I used to think anyone could ride 100km. However, with my severe lack of training this year, I was nervous I wouldn’t be able to cycle the “short” 200km route either.
So, I dusted off my road bike (the first time I rode it this year), and cycled almost 100km with Rob and Sue on Sunday. It was one of my favourite routes (the Aurora loop) which meanders north of Toronto through such small cities like Snow Ball and Maple. Cycling north of the of the city also meant tackling the uphill during the first part of the trip and enjoying the downhill going home. All in between getting soaked from a sudden downpour and battling the wind from many directions.
Did I do it? Yes. Was it hard? Yes. Will I do it again next weekend? Yes.
Rob has been training for this throughout our short spring, so he didn’t find this route as challenging as me… which meant he had more energy when we arrived home. Originally, he wanted to treat me with some ice cream but: a) I felt more like a smoothie, and b) we should be eating through our freezer stash. As I lay on the ground, Rob whipped up a delicious smoothie. I kind of made suggestions from the floor: frozen banana, frozen mamey, vanilla, hemp protein powder and almond milk. It was a crazy concoction and we weren’t sure how it would taste…. Only after I drank a huge serving, did I have enough energy to photograph it… because we both agreed it was too good not to share.
It is hard to describe the flavour of mamey. It takes like mamey… Think about it, how would you describe the taste of apple? Anyways, it is a sweet creamy mango-like flavour with floral undertones. It has a custard-like taste and consistency. Describing flavours is hard. I like this description:
The fruit’s flavor is variously described as a combination of pumpkin, sweet potato, and maraschino cherries with the texture of an avocado. Source
It paired beautifully with the creamy banana. The hemp protein powder made it a bit more of a green colour but also added creaminess.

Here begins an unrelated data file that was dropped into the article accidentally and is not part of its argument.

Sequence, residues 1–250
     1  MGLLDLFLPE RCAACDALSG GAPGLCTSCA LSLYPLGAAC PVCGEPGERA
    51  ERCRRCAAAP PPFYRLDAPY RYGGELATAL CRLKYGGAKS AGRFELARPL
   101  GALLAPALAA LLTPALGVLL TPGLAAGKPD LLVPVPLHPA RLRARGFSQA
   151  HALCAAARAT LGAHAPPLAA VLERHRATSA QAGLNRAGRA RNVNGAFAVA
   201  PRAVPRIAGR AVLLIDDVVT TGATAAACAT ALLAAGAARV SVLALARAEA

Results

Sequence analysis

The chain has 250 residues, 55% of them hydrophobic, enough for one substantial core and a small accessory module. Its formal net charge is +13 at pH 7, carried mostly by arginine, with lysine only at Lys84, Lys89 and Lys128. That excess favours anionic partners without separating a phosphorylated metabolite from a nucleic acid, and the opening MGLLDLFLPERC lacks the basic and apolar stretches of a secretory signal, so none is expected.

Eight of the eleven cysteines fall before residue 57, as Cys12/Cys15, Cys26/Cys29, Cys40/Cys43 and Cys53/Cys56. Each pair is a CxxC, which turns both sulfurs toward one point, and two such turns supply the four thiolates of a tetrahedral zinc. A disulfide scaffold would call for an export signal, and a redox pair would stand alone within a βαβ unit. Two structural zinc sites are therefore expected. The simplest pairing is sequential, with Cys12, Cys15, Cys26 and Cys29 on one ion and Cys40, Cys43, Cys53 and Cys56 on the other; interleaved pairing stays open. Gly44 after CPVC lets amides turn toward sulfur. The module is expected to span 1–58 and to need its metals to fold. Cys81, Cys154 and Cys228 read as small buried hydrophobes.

How did we find mamey? We originally discovered it while travelling in Colombia, both as a fruit and in delicious smoothie form. We were thrilled when we spotted frozen mamey (sapote) at a Colombian bakery in Toronto and picked up a few packages earlier this year. They also had frozen guanabanana, guava, blackberry (mora) and possibly other non-exotic fruits like strawberries.
Have you ever tried mamey? I think it is best in smoothie-form. :)
Variety is the spice of life. It is possibly the best spice in the kitchen, too.
You can probably tell I like to experiment in my kitchen… so many great recipes to try and share. So many new things to explore.
You’d think I’d run out of repertoire. Me, too. Not yet, at least.
Case in point. I made yet another new hummus. This time I shunned the chickpea and traded it for roasted carrots. I kept my favourite hummus classics: fresh lemon juice (with a strong flavour from the zest, too), garlic and tahini. Smoked paprika and cumin for more depth of flavour. This is a very creamy dip. Lip-smacking good.
Faced with some leftover hummus after a party, I decided to turn it into a thick dressing for my salad. My last carrot (ginger sesame) dressing was paired with quinoa, avocado and tomato. This time, I juxtaposed it against black rice, tomatoes, baby greens and fresh herbs.
A note on black rice, possibly one of my favourite rices to date. When I cut fruit out on my sweetener-free challenge, I knew I was going to miss some of the many benefits from eating whole fruits: fiber, vitamins and anti-oxidants. This was how I stumbled upon black rice, also known as purple rice or forbidden rice. It has a lovely short-grain rice feel similar to my favourite medium-grain brown rice with the added bonus of more protein and more anti-oxidants. Turns out that colourful is better for you, especially when talking about rice. I liked that the black rice wasn’t too sticky and had great flavour naked. As such, it was fun to throw it into this salad.
I ended up tossing it with an herbed spring mix (a mix of baby greens that includes dill, cilantro and parsley), which I thought brought this to the next level. Not the greens, but the herbs. I keep forgetting how simple herbs can totally elevate a dish from ho-hum to hoo-ya! Just a dash of fresh herbs was enough and in truth, the herb that stood out and complemented the salad best was the dill.
After I ate this salad, I had a bit of tummy rumblings. My Mom asked me what new foods I had eaten lately. Everything I eat is new. (Actually, at first I said nothing. Nothing crazy new) Except for the leftover hummus, everything else was new. It was my first time trying black rice and the herbed lettuce greens. Furthermore, I drank a mamey shake, too. Exciting times at the beginning of the week! ;)